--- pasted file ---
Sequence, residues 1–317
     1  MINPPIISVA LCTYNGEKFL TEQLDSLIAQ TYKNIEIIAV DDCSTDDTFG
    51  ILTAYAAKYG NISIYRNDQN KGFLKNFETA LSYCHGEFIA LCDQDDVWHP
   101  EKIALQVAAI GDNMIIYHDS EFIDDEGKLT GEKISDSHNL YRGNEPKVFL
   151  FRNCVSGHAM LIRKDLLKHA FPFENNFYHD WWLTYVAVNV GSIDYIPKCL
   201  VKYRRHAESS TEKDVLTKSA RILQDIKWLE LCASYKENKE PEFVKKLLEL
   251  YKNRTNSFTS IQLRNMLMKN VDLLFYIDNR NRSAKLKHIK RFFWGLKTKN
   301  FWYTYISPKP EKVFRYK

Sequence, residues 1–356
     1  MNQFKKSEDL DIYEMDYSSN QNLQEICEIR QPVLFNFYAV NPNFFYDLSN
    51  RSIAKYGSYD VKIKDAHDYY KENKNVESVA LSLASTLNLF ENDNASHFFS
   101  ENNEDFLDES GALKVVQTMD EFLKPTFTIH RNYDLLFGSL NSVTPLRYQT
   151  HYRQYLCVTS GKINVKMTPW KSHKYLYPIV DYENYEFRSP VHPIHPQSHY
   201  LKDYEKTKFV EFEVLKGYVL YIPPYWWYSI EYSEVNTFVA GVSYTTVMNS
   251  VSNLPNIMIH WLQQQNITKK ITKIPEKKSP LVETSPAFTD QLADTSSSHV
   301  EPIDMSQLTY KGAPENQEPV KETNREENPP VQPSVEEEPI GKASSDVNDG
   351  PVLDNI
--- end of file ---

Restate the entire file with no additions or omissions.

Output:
Sequence, residues 1–317
     1  MINPPIISVA LCTYNGEKFL TEQLDSLIAQ TYKNIEIIAV DDCSTDDTFG
    51  ILTAYAAKYG NISIYRNDQN KGFLKNFETA LSYCHGEFIA LCDQDDVWHP
   101  EKIALQVAAI GDNMIIYHDS EFIDDEGKLT GEKISDSHNL YRGNEPKVFL
   151  FRNCVSGHAM LIRKDLLKHA FPFENNFYHD WWLTYVAVNV GSIDYIPKCL
   201  VKYRRHAESS TEKDVLTKSA RILQDIKWLE LCASYKENKE PEFVKKLLEL
   251  YKNRTNSFTS IQLRNMLMKN VDLLFYIDNR NRSAKLKHIK RFFWGLKTKN
   301  FWYTYISPKP EKVFRYK

Sequence, residues 1–356
     1  MNQFKKSEDL DIYEMDYSSN QNLQEICEIR QPVLFNFYAV NPNFFYDLSN
    51  RSIAKYGSYD VKIKDAHDYY KENKNVESVA LSLASTLNLF ENDNASHFFS
   101  ENNEDFLDES GALKVVQTMD EFLKPTFTIH RNYDLLFGSL NSVTPLRYQT
   151  HYRQYLCVTS GKINVKMTPW KSHKYLYPIV DYENYEFRSP VHPIHPQSHY
   201  LKDYEKTKFV EFEVLKGYVL YIPPYWWYSI EYSEVNTFVA GVSYTTVMNS
   251  VSNLPNIMIH WLQQQNITKK ITKIPEKKSP LVETSPAFTD QLADTSSSHV
   301  EPIDMSQLTY KGAPENQEPV KETNREENPP VQPSVEEEPI GKASSDVNDG
   351  PVLDNI